SALT LAKE CITY -- At the moment of truth, when this team’s true identity was stripped bare, it was all Russell Westbrook, and when Russ didn’t have it anymore, it was all over.
The 2017-18 season wasn’t designed to be this way, or end this way, not with Russ taking more shots than a boxer’s chin, and certainly not with Paul George and Carmelo Anthony being rendered useless, mostly by their own doing with help from the Utah Jazz. No, when the Oklahoma City Thunder went all in last summer and cooked up their version of a Big Three, they were built at least for May. Well, in a sense, in the final frantic life-support moments of their season, it was indeed May Day.
They missed chances, repeatedly and disastrously, while trying to extend Game 6 against the Jazz. There were five cracks on a 50-second possession while down three points, and each shot taken by the Thunder looked more desperate than the previous one. Clang, they went, against the rim, against the backboard, until exhaustion and reality settled in and sent them home for the summer.
And so, these are the scenes that will follow the Thunder into the offseason like a black cat: George turning into dust in the final game by passing up shots and getting shut down on others, scoring five points with six turnovers … Russ essentially and quite literally throwing up his hands by taking 43 shots, 27 more than George … 'Melo benched for all but nine minutes in the second half, towel draped over his slumped shoulders, for sure feeling flummoxed by this experiment here in the autumn of his career.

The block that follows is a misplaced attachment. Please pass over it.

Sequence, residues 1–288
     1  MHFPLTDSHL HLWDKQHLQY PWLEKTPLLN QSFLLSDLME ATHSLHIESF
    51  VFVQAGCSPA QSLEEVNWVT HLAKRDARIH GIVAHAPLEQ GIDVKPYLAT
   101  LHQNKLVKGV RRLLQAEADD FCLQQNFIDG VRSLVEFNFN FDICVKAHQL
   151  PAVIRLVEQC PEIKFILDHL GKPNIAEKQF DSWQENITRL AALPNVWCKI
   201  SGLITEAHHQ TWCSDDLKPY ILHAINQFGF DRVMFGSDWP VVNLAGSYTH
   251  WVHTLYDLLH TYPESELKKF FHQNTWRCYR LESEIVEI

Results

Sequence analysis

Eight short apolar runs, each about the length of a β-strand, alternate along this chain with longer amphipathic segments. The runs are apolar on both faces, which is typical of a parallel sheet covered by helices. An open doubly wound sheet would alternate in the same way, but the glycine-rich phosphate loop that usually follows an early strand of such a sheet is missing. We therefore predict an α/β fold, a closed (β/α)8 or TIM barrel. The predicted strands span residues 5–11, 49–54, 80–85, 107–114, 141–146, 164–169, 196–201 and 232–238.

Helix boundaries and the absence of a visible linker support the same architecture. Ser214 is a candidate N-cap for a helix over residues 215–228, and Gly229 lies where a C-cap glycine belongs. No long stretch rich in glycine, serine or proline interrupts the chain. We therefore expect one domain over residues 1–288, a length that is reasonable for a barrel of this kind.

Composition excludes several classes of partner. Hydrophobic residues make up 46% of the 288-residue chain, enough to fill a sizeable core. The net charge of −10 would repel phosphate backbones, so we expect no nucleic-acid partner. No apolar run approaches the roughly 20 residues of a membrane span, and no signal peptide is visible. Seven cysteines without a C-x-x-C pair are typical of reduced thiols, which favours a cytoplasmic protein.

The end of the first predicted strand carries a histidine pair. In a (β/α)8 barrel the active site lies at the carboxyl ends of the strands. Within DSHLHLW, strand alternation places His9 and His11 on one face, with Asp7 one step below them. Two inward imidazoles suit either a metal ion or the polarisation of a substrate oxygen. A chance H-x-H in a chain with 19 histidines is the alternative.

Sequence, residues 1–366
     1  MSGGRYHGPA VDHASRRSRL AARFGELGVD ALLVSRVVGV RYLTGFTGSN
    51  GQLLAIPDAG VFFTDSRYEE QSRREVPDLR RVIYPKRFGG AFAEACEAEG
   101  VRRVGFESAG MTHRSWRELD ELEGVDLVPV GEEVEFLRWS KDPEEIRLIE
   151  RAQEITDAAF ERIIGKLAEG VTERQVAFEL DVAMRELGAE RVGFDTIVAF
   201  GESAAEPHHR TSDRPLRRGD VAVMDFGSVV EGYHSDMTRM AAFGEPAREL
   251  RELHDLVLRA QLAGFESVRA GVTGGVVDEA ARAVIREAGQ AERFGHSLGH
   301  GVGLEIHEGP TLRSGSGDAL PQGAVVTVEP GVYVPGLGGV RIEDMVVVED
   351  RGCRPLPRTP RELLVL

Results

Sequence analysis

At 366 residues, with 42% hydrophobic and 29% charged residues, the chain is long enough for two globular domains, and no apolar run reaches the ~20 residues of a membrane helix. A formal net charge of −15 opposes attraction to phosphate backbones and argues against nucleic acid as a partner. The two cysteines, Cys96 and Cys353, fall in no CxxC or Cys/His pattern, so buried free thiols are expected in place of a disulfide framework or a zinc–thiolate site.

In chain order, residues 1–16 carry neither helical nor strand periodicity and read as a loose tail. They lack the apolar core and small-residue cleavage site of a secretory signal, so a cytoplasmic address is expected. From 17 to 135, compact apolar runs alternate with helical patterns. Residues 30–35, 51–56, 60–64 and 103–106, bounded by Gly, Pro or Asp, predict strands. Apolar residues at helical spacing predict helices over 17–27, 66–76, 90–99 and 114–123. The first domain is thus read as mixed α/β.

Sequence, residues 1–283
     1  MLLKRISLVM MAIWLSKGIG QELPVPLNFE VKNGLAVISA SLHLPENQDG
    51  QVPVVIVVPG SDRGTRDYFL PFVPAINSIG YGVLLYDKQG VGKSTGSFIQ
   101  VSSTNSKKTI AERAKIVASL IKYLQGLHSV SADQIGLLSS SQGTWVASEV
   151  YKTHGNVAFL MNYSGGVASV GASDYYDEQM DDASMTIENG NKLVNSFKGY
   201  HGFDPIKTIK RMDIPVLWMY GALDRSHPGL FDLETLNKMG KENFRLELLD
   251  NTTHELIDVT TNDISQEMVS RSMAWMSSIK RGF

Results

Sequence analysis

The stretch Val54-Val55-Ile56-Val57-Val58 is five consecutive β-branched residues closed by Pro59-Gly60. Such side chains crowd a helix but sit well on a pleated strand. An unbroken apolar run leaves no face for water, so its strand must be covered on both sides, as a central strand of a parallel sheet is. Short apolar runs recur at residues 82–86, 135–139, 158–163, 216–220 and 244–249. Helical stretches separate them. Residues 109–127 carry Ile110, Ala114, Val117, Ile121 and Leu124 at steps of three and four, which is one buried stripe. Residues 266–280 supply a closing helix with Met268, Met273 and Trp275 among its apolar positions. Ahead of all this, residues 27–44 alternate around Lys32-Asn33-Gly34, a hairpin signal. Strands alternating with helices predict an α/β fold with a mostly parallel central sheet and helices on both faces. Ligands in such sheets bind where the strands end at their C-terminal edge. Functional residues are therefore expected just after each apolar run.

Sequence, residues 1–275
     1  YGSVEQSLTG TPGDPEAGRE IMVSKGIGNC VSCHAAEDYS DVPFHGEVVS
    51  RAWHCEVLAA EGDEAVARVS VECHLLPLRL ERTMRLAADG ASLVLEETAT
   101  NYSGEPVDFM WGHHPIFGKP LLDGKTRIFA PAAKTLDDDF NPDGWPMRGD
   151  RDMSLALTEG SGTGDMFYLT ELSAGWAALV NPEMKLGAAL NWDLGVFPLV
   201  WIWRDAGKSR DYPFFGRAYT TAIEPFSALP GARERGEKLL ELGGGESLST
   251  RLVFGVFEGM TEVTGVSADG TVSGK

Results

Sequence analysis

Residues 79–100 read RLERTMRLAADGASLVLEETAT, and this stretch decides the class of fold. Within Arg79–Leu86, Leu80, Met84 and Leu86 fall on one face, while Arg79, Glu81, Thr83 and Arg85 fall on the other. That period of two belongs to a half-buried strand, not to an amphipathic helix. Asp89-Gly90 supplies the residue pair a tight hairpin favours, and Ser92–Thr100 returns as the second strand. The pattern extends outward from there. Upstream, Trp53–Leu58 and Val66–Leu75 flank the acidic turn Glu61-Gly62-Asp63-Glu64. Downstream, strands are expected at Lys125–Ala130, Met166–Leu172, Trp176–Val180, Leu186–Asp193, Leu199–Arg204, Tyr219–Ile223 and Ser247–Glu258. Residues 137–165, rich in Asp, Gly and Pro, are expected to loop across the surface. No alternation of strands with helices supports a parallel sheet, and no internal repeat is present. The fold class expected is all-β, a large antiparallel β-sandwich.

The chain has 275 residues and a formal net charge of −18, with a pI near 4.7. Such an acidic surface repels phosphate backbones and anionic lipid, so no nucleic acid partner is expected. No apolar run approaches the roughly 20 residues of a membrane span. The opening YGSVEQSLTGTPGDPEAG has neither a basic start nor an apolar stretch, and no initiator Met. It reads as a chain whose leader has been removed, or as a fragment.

And this: The fortified Thunder, over and out in the first round of the playoffs in six.
Maybe this was their more reasonable destiny, anyway, because Russ, George and Anthony never appeared solid all season. Yes, there were sensational stretches and teases but the fact is OKC with Russ-George-Melo lasted just one game longer than OKC last season with just Russ.
There’s great optimism from me about what the team could end up being going forward."
That’s all that matters, right? The cold, hard bottom line, which must’ve felt like concrete when the Thunder landed on it Friday?
Not to dismiss the team that took them out; the Jazz are in many ways the anti-Thunder, with deliberate ball movement, defense that never takes a rest, and a lineup that lacks a single All-Star. They were brilliantly led in this series anyway by Donovan Mitchell, a rookie only by designation; he was the best player on the floor and crushed it in the close-out game with 22 of his 38 points in the third quarter when everything changed.
Yet: This was more a statement about the loser than the winner.
And because this was a one-and-done by OKC in the playoffs, the next order of business is to see if this Big Three experiment is one-and-done, period.
It’s all about George and his feelings about playing next to Russ, about living in Oklahoma City and being a member of the Thunder as he approaches free agency this summer. The buzzer Friday didn’t just end OKC’s season, it signaled the start of George’s decision.
Understand what’s at stake here: To get George, the Thunder traded Victor Oladipo and Domantas Sabonis, which means OKC gave the Pacers a chance to do what George couldn’t while in Indiana: Beat LeBron James in the playoffs, with the seventh game of that first-round series looming.
How empty will that trade look if George becomes the second star to leave OKC in three years? Salary cap-wise, the Thunder have limits for how they can improve next season, meaning George must believe this current group can do better with just a few minor cosmetic touches. Meanwhile, the Lakers will surely chuckle at that, maybe a team like the Sixers will, too, if they come knocking.
Of course, George wasn’t prepared to make an announcement just hours after getting bounced, although what he did say sounded good for OKC.